Curious about how others feel about this hot topic, I asked a half dozen questions to a dozen or so of my friends and associates. A compilation of their answers follows. In order to respect privacy, only first names are used for respondents who are not members of  the From The Mixed Up Files blog.

    photo courtesy of Sheri Goad

    (Photo courtesy of Sheri Goad)

    1. Do your children have access to or own their own e-reader?  The number of children with personal e-readers tallied just over half of those who shared a device with other family members. One respondent’s family did not use e-readers at all.

    2. What do your children primarily use the device for?  Pleasure reading was the most common use for e-readers, schoolwork was a close second, and game playing came in third.

    3. What do you think are the major pros/cons of e-readers?  The respondents cited portability, space saving capability, and easy accessibility to reading material as the most common pros of owning e-readers.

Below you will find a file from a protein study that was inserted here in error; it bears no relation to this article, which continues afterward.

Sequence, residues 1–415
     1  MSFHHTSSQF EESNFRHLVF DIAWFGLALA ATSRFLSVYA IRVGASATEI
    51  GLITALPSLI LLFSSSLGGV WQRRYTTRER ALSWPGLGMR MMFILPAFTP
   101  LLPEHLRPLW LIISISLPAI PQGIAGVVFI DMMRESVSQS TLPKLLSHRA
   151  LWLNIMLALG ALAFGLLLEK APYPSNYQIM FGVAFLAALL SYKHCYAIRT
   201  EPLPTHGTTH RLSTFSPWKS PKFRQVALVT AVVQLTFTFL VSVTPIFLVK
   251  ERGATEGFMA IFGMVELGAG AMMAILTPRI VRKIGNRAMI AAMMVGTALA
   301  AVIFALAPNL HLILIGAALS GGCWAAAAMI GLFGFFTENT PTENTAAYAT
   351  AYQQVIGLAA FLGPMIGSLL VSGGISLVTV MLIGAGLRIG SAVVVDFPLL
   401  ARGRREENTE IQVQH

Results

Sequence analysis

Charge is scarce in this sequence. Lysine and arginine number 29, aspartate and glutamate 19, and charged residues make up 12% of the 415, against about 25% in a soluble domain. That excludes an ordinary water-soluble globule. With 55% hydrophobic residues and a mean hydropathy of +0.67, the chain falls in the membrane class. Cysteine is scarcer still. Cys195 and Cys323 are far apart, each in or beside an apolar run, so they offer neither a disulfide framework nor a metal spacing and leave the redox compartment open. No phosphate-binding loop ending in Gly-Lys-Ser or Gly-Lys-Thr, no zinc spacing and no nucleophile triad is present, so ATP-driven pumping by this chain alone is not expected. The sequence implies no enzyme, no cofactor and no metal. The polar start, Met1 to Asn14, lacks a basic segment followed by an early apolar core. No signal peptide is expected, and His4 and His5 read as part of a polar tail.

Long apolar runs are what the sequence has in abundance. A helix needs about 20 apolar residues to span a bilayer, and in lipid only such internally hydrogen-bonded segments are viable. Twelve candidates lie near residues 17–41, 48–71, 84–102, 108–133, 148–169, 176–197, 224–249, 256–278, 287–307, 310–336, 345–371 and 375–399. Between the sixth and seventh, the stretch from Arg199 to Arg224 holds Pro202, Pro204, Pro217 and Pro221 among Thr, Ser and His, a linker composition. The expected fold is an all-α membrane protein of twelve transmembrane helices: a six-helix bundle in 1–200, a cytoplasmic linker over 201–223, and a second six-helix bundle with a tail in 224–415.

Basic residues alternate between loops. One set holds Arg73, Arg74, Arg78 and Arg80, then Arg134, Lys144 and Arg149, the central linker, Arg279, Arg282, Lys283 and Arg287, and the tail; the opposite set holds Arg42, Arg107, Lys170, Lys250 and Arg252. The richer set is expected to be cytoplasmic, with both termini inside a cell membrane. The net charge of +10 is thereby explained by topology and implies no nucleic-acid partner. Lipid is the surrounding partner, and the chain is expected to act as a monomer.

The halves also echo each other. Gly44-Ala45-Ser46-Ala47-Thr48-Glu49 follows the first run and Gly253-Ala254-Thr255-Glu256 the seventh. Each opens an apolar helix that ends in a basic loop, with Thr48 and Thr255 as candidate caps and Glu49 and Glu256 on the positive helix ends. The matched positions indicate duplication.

Milli explained that the issue of space was the primary reason she bought her eleven-year-old son an e-reader. Her book-loving son was running out of room to store his growing collection. Milli states, “I do think he has more access to books because he is able to browse them on his own and is not dependent on me to take him to the library or store.”

    Laurie Schneider, a Mixed Up Files member and mom to an e-reading thirteen-year-old girl, says, “It’s great if you’re reading a series book and finish a volume late at night. A few clicks and you can be onto the next volume.”

    Ester, mom of three, says, “A really big plus to the e-reader is that with all the apps available, it makes it easy to download books to your computer, iPhone, or Kindle. Therefore, you can always have your books available. While one child reads on the Kindle, the other can read on your computer or phone.

    Another Mixed Up Files member, Sayantani DasGupta, who does not currently own an e-reader, states, “E-readers cross my mind every time we travel because our luggage is always so weighed down by books.